At St. Pete's Two Graces the magical atmosphere matches the cuisine

Chef Marlin Kaplan and Lisa Masterson offer safe harbor.

click to enlarge It was just a matter of time that the prime shuttered Reading Room space—with its raised beds to grow veggies and herbs—was snapped up by some local restaurateur - VISITSTPETECLEARWATER.COM
VisitStPeteClearwater.com
It was just a matter of time that the prime shuttered Reading Room space—with its raised beds to grow veggies and herbs—was snapped up by some local restaurateur
The idea of “grace” is a concept much needed in today’s rough and tumble world. We need the comfort that the name implies. How reassuring then that the same dependable team that brought Grace (the restaurant) to Pass-a-Grille, has now bestowed TwoGraces on Central Avenue.

After all, it was just a matter of time that the prime shuttered Reading Room space—with its raised beds to grow veggies and herbs—was snapped up by some local restaurateur. But, now the new Two Graces sports a magical colonnade that flows west toward freeFall theatre. It’s got an elegant beadboard ceiling and is complete with fans/heaters, diaphanous drapery, and evocative lighting. To the south, under the magnificent, almost horizontal octopus-like Southern live oak is a dramatic seating area made from a handsome circular balustrade. Of course, what really matters is the food.
Two Graces
6001 Central Ave., St. Petersburg
727-803-6050; twogracesrestaurant.com
Starters $10-$21; entrées $18-$32 (prime filet & grouper MP); desserts $9; beer/wine/cocktails $7-$20
4/5 stars

Luckily, Chef Marlin (as in the fish, not the actor) Kaplan’s food is a riff on his marvelous Grace menu and promises surprise. We start with a dish that is the perfect demonstration of the primacy of ingredients in Italian cuisine. When you drape a perfect thin slice of salty prosciutto over a creamy ball of fresh burrata you’re more than halfway there. Start with a base of lightly dressed mixed baby greens and add a scoop of fruity date-hazelnut chutney plus crisp crostini, and you have an absolutely delightful way to begin your meal.

Chef’s roasted squash was a veggie standout at Grace, and his riff here is a yummy variation on that theme. This tender roasted squash is stuffed with fregula, those wonderful, tiny semolina pasta balls from Sardinia. The stuffing is loaded with seasonal veggies, in this case tender slices of zucchini and yellow squash all swathed in a light Galveston apple vinaigrette to add pleasant brightness.
click to enlarge To the south, under Two Graces' magnificent, almost horizontal octopus-like Southern live oak is a dramatic seating area made from a handsome circular balustrade. - VISITSTPETECLEARWATER.COM
VisitStPeteClearwater.com
To the south, under Two Graces' magnificent, almost horizontal octopus-like Southern live oak is a dramatic seating area made from a handsome circular balustrade.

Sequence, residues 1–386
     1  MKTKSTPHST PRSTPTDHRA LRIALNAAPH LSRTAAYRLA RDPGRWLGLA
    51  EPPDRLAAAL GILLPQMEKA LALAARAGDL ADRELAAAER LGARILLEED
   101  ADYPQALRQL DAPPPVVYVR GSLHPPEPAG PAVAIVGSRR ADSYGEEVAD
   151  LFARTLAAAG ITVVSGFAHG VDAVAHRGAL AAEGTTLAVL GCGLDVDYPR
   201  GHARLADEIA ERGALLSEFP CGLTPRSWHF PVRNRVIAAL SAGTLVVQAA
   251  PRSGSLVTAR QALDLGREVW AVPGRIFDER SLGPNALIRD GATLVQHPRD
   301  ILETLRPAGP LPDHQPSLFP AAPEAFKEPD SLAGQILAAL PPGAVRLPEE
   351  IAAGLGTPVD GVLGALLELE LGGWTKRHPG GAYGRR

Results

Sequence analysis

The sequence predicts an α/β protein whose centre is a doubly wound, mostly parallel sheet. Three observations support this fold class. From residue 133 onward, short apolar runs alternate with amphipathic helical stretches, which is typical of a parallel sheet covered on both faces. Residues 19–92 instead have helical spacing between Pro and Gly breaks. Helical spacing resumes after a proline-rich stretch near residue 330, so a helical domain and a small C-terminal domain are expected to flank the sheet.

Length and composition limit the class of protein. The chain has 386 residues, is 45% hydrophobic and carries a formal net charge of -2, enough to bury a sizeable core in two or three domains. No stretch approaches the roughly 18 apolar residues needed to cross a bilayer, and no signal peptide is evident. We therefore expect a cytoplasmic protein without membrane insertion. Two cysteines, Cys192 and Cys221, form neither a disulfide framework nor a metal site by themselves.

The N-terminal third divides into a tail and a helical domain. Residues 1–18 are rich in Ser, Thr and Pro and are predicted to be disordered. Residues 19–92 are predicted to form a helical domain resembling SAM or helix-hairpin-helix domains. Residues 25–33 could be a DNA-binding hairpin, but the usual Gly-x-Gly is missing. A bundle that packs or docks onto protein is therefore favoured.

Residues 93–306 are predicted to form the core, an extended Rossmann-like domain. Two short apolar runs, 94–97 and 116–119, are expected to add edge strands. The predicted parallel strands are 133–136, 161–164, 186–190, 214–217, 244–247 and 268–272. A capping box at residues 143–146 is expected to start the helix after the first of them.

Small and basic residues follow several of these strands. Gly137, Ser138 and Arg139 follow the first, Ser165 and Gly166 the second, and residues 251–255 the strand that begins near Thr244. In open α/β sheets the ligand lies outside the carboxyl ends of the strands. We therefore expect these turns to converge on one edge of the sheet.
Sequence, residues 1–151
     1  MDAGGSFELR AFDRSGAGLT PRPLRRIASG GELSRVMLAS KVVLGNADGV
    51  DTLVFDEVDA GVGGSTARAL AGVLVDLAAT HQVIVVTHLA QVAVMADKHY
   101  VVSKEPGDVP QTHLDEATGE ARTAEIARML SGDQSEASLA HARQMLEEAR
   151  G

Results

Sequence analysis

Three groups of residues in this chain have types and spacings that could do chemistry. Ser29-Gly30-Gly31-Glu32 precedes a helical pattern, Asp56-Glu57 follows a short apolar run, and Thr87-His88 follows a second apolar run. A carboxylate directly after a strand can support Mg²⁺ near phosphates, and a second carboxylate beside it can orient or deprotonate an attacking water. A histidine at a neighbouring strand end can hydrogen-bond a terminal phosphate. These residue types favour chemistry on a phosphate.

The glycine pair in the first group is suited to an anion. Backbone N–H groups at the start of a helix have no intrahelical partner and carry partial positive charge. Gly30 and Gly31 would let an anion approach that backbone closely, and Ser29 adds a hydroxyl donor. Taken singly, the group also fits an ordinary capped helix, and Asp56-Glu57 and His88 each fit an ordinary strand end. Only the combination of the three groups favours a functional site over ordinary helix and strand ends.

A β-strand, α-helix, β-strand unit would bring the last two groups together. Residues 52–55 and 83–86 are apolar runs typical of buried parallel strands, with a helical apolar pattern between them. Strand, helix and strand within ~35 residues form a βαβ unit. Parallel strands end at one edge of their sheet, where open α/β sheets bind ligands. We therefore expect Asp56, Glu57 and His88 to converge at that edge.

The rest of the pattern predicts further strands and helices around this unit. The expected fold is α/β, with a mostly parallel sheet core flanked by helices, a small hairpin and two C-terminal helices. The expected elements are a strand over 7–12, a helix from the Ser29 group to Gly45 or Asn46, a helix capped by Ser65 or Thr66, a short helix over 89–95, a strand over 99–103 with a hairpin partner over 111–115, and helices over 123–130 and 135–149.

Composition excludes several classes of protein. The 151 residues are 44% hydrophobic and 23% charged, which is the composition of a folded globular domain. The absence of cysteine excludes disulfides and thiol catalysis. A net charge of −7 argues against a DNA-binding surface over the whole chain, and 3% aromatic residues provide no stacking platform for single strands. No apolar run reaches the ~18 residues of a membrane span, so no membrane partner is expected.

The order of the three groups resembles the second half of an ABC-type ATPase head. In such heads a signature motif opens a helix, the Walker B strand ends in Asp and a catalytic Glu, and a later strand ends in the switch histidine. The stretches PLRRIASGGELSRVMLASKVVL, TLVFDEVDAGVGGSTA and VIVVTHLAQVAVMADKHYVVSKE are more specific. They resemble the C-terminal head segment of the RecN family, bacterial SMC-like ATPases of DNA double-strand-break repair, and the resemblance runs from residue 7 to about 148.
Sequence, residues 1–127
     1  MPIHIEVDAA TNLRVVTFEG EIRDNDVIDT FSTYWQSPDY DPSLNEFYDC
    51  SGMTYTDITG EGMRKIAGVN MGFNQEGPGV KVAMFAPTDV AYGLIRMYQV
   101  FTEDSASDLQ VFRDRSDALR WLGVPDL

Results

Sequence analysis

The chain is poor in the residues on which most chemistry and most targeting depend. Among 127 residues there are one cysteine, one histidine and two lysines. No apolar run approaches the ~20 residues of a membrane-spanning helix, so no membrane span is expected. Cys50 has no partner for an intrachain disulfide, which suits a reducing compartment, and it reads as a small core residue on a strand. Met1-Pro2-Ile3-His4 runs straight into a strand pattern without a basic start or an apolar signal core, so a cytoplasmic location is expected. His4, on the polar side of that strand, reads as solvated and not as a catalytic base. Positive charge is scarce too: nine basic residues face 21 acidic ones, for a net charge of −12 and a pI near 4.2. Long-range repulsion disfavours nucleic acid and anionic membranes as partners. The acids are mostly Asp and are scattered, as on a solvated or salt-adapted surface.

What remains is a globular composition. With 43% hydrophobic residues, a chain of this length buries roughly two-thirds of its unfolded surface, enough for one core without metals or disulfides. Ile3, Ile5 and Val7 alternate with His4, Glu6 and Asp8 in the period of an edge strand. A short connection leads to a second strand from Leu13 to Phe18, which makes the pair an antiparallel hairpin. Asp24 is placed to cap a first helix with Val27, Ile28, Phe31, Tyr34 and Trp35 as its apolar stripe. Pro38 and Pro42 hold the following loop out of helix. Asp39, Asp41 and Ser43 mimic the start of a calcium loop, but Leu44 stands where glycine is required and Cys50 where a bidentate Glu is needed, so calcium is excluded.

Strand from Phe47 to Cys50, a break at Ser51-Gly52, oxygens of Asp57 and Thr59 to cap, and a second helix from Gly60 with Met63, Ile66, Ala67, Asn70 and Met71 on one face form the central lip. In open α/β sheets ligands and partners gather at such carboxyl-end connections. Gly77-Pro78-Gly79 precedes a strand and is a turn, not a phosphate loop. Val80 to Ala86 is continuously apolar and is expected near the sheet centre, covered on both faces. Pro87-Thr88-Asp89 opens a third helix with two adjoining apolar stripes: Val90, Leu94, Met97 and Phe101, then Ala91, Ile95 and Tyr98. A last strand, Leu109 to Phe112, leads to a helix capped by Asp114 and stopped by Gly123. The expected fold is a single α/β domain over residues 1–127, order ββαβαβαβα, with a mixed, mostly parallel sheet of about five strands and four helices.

Like the ethereal lobster ravioli at Grace, Chef Kaplan serves up almost as decadent ravioli pillows filled with shredded short ribs. The bowl is loaded with luscious beefy wild mushroom demi-glacé dotted with glistening mushroom slices, petite veggies, and flecked with fresh herbs. We ask for some extra bread so as not to miss a drop of the sauce, and our server also delivers a dish of some ultra creamy, lush butter from Glenview Farms. The bill of fare also includes quail, tuna, lovely salads plus wood-fired pizza to take advantage of a culinary tool already set up in the space.

The dessert decision is a difficult one with honey-almond cheesecake, always a perennial favorite, and a chocolate brownie with salted caramel ice cream. We were sorely tempted by the mini milkshake, but the accompanying macarons are not made in house, so we settled on the Maple Panna Cotta with fig compote. It’s a flavorful, somewhat dense affair which really comes alive when combined with the succulent fig compote at the bottom of the curved glass. It almost resembles a decorative candle with a gorgeous edible purple bud as a wick.

As at Grace, there’s also a splendid selection of creative craft cocktails, although instead of the neighborhood dogs that haunt the other locale, they’ve opted for bird and flower names from the vodka-based Chocolate Flamingo to the bourbon-laced Azalea. We sampled the “Watson,” a colorful concoction in a martini glass featuring Italian Malfy gin, vibrant orange Aperol bitters, St. Germaine elderflower liqueur, crisp white peach balsamic, and fizz from a topping of Prosecco. My companion pronounces it a walloping graceful hit.

And Kaplan’s long time partner, Lisa Masterson, has assembled a unique wine list with 60 organic, biodynamic, and sustainable wine options to go along with 10 local microbrews on draft. The entire experience is most lovely; the servers are perfectly friendly and attentive, and the magical atmosphere matches the splendid cuisine. In these times of pandemic stress, it’s particularly welcome that Two Graces offers us all such a safe harbor.

About The Author

Jon Palmer Claridge

Jon Palmer Claridge—Tampa Bay's longest running, and perhaps last anonymous, food critic—has spent his life following two enduring passions, theatre and fine dining. He trained as a theatre professional (BFA/Acting; MFA/Directing) while Mastering the Art of French Cooking from Julia Child as an avocation. He acted...
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